International Studies Review, 16:1 (2014)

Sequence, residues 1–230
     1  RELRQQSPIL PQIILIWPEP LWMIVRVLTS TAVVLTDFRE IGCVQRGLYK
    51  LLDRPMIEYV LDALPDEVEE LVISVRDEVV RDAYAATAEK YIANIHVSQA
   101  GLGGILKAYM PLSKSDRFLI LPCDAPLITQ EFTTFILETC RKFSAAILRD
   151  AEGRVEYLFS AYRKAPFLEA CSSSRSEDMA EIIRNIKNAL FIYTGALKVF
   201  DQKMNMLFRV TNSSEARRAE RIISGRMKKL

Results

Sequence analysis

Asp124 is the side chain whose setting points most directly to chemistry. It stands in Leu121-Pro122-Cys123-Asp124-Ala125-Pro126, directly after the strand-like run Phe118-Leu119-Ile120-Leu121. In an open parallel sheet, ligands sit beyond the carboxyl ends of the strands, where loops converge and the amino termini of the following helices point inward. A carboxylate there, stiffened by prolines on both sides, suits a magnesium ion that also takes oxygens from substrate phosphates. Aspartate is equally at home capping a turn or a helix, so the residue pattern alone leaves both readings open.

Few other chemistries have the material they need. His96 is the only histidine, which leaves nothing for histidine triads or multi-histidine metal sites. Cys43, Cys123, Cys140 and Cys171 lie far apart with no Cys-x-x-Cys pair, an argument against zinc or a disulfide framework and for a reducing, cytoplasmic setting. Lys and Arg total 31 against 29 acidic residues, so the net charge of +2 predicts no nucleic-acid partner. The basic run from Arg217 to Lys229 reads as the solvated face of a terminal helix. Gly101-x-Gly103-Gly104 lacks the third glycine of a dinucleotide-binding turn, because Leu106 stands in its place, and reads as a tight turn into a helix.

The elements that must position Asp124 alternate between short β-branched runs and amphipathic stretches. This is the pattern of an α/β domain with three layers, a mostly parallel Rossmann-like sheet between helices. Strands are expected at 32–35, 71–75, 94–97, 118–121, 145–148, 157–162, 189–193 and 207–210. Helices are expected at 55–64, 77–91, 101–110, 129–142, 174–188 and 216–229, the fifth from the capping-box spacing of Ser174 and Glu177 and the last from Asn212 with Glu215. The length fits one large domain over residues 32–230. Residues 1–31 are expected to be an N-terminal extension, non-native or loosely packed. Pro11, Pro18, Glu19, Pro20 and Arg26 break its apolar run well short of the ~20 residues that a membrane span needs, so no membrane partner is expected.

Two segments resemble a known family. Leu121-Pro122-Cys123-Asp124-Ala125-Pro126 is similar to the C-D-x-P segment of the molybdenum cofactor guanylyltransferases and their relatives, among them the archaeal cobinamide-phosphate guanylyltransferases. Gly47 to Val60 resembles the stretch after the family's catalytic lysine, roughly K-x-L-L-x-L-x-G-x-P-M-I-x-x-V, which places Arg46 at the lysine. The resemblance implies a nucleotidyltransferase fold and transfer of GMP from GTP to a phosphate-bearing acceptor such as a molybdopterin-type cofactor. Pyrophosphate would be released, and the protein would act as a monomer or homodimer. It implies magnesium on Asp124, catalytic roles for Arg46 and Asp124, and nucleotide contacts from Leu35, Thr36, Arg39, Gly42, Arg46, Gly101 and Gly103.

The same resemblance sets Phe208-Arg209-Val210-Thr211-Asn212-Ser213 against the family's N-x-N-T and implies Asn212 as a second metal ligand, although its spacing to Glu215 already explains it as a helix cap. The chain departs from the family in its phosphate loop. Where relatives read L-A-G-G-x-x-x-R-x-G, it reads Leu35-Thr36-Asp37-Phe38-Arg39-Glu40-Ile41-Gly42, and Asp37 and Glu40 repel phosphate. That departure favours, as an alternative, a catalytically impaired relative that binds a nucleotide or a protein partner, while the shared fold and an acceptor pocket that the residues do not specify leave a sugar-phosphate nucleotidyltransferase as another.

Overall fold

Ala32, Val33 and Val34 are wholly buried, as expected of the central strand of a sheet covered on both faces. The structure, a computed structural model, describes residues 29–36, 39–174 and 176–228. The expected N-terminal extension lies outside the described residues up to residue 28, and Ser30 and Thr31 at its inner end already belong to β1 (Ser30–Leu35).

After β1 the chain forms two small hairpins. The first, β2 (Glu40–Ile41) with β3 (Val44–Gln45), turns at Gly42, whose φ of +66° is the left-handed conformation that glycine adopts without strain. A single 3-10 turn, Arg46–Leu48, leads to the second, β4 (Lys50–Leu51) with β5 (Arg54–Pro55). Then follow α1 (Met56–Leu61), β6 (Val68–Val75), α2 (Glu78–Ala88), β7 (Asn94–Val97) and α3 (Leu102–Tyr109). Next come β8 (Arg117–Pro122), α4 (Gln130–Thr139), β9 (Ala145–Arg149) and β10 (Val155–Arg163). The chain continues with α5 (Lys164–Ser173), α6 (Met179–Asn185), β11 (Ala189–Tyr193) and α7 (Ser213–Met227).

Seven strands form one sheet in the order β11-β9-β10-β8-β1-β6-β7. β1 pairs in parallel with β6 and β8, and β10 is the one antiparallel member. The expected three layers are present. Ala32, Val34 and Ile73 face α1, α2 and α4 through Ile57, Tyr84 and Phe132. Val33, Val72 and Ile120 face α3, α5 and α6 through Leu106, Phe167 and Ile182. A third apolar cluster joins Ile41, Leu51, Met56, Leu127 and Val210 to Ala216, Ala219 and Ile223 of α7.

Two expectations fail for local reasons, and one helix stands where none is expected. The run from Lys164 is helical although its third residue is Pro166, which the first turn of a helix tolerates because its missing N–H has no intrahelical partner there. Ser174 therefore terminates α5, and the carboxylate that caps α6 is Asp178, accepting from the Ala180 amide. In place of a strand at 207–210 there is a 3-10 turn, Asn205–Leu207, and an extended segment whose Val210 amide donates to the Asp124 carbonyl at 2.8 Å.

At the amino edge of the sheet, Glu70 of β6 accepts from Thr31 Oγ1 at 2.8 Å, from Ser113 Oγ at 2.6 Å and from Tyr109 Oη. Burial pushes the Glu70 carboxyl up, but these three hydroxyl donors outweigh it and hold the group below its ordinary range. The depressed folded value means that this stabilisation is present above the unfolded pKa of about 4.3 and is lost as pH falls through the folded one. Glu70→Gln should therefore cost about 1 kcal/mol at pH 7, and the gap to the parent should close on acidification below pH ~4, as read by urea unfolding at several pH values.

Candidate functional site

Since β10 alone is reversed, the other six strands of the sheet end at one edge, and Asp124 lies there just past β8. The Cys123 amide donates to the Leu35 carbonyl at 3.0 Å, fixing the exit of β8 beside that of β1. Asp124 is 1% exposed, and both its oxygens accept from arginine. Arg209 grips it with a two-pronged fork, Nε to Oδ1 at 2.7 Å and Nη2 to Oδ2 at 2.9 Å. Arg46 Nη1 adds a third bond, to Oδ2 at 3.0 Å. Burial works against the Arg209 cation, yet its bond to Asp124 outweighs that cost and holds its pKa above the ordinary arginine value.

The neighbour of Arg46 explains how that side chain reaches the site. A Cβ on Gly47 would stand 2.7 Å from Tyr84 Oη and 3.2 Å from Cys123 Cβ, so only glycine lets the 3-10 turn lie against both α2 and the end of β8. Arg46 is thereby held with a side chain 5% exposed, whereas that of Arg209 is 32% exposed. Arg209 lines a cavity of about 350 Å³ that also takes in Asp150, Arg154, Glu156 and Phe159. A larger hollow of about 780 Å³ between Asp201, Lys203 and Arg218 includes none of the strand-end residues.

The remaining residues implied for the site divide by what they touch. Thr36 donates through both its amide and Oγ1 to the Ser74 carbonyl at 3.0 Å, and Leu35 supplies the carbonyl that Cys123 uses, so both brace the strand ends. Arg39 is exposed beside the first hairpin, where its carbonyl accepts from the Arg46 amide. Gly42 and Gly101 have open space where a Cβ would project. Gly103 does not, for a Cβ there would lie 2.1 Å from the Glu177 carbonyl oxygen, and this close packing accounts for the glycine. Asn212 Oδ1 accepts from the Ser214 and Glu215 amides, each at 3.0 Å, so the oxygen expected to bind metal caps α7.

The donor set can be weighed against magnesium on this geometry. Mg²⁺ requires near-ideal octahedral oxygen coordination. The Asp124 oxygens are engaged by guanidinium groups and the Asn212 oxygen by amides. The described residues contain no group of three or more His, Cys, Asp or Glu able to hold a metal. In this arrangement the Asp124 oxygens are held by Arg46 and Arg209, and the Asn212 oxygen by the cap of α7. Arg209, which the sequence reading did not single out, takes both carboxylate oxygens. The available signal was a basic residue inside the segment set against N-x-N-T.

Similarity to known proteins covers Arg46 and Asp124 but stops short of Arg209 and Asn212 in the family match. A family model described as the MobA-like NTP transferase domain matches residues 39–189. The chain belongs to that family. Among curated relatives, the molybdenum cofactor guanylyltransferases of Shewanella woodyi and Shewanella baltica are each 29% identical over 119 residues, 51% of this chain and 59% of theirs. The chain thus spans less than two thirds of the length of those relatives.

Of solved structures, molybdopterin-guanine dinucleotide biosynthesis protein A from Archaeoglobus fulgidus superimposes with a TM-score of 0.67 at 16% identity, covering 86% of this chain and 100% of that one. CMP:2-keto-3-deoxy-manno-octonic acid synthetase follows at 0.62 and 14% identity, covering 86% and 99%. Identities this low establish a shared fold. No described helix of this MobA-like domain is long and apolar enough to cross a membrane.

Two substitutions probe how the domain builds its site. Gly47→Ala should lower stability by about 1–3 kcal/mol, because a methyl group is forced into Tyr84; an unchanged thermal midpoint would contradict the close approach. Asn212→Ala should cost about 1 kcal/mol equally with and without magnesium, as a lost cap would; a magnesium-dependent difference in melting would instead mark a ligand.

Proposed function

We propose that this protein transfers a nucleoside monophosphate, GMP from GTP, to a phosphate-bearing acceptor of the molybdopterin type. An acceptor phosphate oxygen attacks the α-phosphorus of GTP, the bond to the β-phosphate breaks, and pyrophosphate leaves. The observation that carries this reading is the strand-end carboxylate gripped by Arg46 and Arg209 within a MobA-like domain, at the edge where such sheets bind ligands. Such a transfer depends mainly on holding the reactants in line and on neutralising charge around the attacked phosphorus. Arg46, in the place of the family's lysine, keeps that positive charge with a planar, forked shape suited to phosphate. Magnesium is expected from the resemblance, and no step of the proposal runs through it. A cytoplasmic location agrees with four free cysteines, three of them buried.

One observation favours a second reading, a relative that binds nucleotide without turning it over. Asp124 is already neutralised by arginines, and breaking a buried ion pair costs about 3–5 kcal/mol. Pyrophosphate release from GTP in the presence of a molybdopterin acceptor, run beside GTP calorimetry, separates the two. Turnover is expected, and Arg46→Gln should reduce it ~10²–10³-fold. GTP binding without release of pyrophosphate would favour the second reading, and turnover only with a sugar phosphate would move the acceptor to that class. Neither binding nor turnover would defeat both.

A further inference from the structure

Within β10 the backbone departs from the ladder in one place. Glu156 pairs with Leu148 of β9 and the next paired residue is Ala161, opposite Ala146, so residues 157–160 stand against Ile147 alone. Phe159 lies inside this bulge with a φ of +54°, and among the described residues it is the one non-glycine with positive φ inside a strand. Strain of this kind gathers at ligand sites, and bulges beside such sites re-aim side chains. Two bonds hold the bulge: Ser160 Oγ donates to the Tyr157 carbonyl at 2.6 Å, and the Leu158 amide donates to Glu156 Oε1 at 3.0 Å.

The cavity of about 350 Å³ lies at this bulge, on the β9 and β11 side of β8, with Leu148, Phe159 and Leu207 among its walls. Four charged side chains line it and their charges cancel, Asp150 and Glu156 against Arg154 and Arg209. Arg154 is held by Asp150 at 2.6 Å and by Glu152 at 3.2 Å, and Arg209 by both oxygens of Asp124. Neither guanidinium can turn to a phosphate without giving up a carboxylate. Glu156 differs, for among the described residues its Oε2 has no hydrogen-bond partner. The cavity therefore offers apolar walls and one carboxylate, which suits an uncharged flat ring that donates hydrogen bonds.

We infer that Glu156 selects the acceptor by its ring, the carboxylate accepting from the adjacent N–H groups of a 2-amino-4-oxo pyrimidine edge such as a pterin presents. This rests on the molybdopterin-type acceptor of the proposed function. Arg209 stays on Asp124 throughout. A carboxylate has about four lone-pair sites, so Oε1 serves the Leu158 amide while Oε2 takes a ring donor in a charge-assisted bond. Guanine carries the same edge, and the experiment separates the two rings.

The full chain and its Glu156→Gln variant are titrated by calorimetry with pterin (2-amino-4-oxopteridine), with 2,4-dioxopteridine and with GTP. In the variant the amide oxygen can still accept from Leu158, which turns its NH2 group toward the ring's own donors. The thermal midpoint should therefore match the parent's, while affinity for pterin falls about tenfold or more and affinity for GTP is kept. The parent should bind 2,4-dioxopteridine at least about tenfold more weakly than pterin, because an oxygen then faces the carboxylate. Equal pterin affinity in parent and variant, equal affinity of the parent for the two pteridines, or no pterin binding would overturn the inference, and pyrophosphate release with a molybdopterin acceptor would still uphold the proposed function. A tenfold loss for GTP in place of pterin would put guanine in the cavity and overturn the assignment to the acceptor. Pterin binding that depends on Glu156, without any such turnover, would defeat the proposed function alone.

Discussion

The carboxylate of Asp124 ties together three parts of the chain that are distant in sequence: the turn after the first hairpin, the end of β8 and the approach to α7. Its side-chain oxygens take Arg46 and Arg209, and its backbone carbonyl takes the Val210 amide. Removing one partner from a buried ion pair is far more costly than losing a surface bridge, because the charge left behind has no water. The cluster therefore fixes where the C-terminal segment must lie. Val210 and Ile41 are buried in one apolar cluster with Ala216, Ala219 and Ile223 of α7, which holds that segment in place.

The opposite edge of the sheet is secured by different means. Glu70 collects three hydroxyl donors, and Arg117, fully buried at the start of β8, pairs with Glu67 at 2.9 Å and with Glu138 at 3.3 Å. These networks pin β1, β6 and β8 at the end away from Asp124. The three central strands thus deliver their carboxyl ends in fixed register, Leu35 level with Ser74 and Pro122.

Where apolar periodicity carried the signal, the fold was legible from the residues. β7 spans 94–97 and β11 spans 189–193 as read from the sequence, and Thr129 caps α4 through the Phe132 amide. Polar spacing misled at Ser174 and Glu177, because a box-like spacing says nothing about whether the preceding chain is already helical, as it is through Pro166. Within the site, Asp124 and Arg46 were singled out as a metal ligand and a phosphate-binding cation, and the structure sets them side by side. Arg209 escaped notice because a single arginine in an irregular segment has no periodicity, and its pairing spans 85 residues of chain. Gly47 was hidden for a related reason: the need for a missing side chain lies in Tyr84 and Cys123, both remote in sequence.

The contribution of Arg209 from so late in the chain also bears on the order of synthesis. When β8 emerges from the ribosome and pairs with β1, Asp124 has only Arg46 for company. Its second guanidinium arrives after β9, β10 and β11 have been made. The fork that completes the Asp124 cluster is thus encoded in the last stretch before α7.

This article sets out to map, broaden and develop – theoretically and empirically – the field of civilizational analysis in international relations (IR). In particular, it teases out a more explicit ‘civilizational politics’ line of research, which builds upon latent and underdeveloped themes in the civilizational turn in IR. ‘Civilizational politics’ offers an important avenue for theoretically- inclined, empirically-minded, scholars to explore how social and political actors have come to understand, change and construct world politics as if plural civilizations existed and their relations mattered. The article outlines the theoretical foundations and conceptual toolkit for doing ‘civilizational politics’ research largely anchored to a modernist constructivist approach to IR. ‘Civilizational politics’ research is structured here around two key steps. The first step is to recover and interpret subjective and intersubjective meanings through participants’ discourse. The article proposes an understanding of civilizations as ‘imagined communities’ that, at this historical juncture, are increasingly being narrated by political and intellectual elites as: essentialized or non-essentialized entities; and as clashing/conflicting or dialoguing/engaging with each other. The second step outlines three causal pathways that explain how narrated civilizational imaginaries affect world politics and turn civilizations into social facts: by guiding and structuring social action; by shaping and becoming embedded in formal institutions and patterned practices; and by bestowing recognition and socially empowering those actors who claim to speak, or are believed to be speaking for, civilizations. The empirical import of this line of research is demonstrated by re-reading, through the explicit lens of ‘civilizational politics’, Turan Kayaoğlu’s article “Constructing the Dialogue of Civilizations in World Politics: a Case of Global Islamic Activism”.